A great alternative that enables workers who benefit from listening to music, and those who prefer silence, to get their wish is to allow earphones to be used at leisure (again health and safety observations permitting).
    Sometimes the noise and chatter in an open plan work space can be more distracting for individuals who require more focus, so popping in some earphones, blocking out the noise and having more relaxing music in the background can help with this.

    However, the one drawback with that option is that it could cause communication amongst employees to drop, but this can easily be fixed by implementing weekly meetings or using an online communication tool.
    You could even specify within a policy on the matter, that only one earphone can be in at a time so that employees can still hear their surroundings, i.e. when someone is trying to get their attention or the fire alarm goes off or their desk phone rings.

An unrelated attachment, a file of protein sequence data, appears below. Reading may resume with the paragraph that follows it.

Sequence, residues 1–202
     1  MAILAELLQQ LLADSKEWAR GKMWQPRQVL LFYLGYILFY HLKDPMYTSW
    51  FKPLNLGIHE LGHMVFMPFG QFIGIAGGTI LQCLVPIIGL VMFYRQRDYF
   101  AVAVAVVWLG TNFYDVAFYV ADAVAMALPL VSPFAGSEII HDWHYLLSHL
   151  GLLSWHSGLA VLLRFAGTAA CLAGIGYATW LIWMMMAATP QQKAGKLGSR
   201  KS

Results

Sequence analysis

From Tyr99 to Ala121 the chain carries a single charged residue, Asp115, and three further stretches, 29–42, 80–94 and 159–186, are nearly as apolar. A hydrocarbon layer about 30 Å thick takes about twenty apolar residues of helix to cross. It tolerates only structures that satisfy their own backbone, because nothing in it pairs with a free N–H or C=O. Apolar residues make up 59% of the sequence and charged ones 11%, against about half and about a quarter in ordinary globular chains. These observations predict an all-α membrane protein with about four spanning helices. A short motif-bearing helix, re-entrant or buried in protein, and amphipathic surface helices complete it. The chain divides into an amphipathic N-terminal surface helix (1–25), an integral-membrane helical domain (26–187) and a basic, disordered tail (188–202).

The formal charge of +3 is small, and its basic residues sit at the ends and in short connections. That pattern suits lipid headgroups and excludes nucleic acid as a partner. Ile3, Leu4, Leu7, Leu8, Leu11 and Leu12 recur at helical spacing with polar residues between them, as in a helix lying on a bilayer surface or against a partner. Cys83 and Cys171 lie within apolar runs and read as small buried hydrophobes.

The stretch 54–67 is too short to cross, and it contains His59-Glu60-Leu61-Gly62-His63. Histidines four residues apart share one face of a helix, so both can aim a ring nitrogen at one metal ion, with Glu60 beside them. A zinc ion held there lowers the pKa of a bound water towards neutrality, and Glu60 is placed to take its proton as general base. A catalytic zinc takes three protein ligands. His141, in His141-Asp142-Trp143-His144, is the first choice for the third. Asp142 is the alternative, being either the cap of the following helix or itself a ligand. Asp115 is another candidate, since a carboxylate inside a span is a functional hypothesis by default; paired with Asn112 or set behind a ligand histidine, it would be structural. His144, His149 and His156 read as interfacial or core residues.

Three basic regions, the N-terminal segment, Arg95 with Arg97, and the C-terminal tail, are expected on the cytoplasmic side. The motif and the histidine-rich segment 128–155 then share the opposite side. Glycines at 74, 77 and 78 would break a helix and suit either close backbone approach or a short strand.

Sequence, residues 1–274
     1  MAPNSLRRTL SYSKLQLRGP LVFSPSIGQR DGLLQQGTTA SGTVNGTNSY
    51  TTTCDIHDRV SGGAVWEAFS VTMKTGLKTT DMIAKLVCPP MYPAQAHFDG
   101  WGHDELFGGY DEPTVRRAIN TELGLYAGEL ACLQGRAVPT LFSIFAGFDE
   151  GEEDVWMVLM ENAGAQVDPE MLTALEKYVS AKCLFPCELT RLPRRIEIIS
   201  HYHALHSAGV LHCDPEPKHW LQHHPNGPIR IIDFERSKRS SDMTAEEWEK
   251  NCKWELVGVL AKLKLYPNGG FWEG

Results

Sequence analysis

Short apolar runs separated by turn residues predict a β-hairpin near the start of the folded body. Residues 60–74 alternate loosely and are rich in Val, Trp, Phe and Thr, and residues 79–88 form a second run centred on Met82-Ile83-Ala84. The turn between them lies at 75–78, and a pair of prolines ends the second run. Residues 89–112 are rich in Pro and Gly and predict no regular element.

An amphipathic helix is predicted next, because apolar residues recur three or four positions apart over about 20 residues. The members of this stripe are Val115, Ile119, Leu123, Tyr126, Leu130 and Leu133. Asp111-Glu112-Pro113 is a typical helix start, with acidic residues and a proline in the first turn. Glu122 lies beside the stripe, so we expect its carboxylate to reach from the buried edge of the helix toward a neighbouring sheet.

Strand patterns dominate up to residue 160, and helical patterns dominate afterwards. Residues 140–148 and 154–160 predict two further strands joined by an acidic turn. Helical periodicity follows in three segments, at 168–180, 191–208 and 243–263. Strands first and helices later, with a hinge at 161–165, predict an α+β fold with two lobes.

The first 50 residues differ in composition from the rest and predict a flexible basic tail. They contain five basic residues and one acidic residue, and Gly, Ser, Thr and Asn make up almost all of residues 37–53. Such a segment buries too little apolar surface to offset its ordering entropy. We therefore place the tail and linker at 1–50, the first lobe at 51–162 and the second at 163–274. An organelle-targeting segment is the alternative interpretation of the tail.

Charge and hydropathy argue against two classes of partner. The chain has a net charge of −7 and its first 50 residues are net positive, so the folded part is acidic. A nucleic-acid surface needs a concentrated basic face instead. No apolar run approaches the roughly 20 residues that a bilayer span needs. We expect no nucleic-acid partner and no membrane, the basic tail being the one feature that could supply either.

The wearing of earphones, however, must be restricted in certain industries, particularly if you’re working with machinery, in a public facing role or in a factory where you need to be able to hear any oncoming dangers from moving vehicles etc.

    How Should You Manage Music In The Workplace

    As with any HR matter, you should have a clear policy written up, put into your company handbooks and clearly communicated to your employees.